Proposed constitutional amendments are provoking unexpected, hard questions.
“Initiative #27 would amend the Mississippi Constitution to require voters to submit a government issued photo identification before being allowed to vote; provides that any voter lacking government issued photo identification may obtain photo identification without charge from the Mississippi Department of Public Safety; and exempts certain residents of state-licensed care facilities and religious objectors from being required to show photo identification in order to vote.”
One conservative, “tea party” questioner feels conflicted.
“I’m tired of Big Government intrusion in our lives,” he said. “I want less government and less intrusion.” He said he agrees with Ron Paul that a national government ID would be threat to our liberty, property, and privacy.
So, why should a state issued government ID be considered okay, he asked? Isn’t that still big, intrusive government?
David Waide and the Mississippi Farm Bureau want to close the door on eminent domain for economic development, a move Governor Haley Barbour said “would be a major impediment to Mississippi’s job creation efforts.” So, after failing to get legislation approved over the Governor’s veto, Waide and company are pushing for a constitutional amendment.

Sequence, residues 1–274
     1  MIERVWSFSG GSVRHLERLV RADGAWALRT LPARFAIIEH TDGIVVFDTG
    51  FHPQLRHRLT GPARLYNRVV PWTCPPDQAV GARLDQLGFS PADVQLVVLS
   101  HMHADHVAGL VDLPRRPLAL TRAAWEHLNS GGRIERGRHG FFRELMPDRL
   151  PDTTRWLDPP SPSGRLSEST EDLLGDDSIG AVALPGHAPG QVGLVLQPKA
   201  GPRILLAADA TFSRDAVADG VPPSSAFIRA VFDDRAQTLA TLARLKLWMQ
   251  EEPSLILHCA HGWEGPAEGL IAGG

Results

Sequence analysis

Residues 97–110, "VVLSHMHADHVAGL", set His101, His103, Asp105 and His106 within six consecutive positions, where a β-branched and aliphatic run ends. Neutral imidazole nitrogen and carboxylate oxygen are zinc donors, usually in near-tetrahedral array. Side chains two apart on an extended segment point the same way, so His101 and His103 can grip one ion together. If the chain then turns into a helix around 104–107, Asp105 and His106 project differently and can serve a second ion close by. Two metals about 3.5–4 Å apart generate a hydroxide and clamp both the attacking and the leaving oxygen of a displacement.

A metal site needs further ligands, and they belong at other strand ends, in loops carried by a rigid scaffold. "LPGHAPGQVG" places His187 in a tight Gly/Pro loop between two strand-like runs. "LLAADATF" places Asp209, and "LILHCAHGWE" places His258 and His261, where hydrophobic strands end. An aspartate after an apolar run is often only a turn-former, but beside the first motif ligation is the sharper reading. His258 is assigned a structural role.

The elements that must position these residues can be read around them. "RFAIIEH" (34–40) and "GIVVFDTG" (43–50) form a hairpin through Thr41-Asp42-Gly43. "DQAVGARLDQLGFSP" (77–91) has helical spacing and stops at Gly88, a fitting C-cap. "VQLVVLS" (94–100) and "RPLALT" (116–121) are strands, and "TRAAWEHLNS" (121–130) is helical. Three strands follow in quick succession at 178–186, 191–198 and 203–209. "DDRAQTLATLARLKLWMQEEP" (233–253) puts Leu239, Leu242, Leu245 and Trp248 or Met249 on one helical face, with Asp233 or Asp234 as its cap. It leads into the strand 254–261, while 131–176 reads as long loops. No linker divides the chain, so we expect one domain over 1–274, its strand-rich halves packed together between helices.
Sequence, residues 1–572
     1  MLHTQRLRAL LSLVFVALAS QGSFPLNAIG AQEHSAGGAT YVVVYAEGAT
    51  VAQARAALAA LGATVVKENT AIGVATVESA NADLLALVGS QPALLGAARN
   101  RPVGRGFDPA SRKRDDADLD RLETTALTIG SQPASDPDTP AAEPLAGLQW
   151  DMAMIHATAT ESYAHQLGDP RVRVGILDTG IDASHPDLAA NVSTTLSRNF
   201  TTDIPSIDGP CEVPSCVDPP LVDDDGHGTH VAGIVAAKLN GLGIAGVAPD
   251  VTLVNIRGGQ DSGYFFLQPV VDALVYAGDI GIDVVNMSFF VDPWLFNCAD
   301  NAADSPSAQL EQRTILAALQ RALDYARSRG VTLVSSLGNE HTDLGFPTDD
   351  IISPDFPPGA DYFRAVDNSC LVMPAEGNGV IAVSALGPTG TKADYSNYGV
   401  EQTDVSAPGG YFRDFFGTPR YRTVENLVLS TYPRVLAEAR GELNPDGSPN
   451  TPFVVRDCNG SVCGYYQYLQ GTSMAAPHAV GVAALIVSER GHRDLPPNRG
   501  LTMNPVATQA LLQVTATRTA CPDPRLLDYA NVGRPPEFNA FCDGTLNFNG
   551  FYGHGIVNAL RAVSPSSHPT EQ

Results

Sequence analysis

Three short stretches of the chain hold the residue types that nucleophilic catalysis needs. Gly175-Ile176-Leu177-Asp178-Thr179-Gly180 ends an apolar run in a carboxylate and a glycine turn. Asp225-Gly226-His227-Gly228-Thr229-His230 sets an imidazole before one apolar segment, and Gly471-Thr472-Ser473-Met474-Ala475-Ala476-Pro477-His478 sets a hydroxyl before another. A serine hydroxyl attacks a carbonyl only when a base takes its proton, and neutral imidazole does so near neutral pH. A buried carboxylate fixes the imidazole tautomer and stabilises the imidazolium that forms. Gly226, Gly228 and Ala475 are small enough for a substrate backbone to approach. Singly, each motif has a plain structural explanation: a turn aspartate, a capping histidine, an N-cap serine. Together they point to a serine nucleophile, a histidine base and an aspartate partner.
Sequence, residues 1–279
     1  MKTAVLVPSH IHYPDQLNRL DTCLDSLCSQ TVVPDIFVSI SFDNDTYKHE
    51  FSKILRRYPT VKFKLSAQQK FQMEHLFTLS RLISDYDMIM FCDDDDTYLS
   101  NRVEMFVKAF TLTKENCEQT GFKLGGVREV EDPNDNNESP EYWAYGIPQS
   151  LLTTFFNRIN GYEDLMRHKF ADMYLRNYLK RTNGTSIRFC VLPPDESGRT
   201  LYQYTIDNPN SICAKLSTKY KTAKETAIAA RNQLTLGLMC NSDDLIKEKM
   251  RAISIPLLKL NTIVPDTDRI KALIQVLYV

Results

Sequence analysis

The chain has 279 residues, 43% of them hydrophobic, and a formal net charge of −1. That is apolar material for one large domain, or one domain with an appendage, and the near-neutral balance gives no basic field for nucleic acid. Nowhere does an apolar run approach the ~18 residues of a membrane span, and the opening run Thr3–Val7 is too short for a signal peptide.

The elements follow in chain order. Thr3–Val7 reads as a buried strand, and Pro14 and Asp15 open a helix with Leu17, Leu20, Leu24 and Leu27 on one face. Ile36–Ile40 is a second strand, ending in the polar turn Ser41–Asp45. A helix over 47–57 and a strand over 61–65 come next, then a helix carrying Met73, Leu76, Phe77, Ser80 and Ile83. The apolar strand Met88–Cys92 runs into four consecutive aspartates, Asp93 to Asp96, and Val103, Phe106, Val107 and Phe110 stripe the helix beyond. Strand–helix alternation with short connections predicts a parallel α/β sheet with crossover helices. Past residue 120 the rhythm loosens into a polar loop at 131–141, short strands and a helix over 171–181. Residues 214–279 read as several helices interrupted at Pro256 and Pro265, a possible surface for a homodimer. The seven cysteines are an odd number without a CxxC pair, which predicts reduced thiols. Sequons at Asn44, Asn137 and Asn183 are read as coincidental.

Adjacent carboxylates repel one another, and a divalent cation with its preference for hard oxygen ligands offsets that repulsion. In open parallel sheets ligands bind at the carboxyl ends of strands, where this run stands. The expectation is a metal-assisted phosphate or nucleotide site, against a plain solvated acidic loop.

“Initiative #31 would amend the Mississippi Constitution to prohibit state and local government from taking private property by eminent domain and then conveying it to other persons or private businesses for a period of ten years after acquisition. Exceptions from the prohibition include drainage and levee facilities, roads, bridges, ports, airports, common carriers, and utilities. The prohibition would not apply in certain situations, including public nuisance, structures unfit for human habitation, or abandoned property.”
A former local official questions this approach. “I agree with the Governor that this would hurt economic development,” he said. At the same time, he thinks eminent domain can be abused by local officials who just want to increase tax revenues.
“Why can’t there be a reasonable compromise?” he asked.
Then there’s the “personhood” amendment.
“Initiative #26 would amend the Mississippi Constitution to define the word ‘person’ or ‘persons’, as those terms are used in Article III of the state constitution, to include every human being from the moment of fertilization, cloning, or the functional equivalent thereof.”
A reformed church Christian has real concerns about the cloning part. He understands that proponents seek to criminalize the disposal of cloned cells used in stem cell research. He opposes anything that might legalize cloning.
“I feel like I’m being asked to embrace Satan to fight sin,” he said.
He wants to know why a straight-forward constitutional amendment to outlaw the cloning of human cells won’t work.
Most intriguing answer I’ve heard so far: “In Mississippi, things only have to make political sense.”